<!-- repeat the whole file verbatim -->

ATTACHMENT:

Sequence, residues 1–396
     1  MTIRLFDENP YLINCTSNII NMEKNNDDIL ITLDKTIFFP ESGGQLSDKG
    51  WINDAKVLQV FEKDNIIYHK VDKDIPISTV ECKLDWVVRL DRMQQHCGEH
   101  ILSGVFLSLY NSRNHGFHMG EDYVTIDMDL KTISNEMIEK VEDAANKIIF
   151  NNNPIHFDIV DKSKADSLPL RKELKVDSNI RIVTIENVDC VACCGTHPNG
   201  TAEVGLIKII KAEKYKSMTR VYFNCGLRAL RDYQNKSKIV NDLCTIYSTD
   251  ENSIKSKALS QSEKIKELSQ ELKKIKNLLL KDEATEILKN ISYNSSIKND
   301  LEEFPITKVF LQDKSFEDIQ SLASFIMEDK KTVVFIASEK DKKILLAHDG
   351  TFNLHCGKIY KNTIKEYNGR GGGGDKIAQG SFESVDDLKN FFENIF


Sequence, residues 1–396
     1  MTIRLFDENP YLINCTSNII NMEKNNDDIL ITLDKTIFFP ESGGQLSDKG
    51  WINDAKVLQV FEKDNIIYHK VDKDIPISTV ECKLDWVVRL DRMQQHCGEH
   101  ILSGVFLSLY NSRNHGFHMG EDYVTIDMDL KTISNEMIEK VEDAANKIIF
   151  NNNPIHFDIV DKSKADSLPL RKELKVDSNI RIVTIENVDC VACCGTHPNG
   201  TAEVGLIKII KAEKYKSMTR VYFNCGLRAL RDYQNKSKIV NDLCTIYSTD
   251  ENSIKSKALS QSEKIKELSQ ELKKIKNLLL KDEATEILKN ISYNSSIKND
   301  LEEFPITKVF LQDKSFEDIQ SLASFIMEDK KTVVFIASEK DKKILLAHDG
   351  TFNLHCGKIY KNTIKEYNGR GGGGDKIAQG SFESVDDLKN FFENIF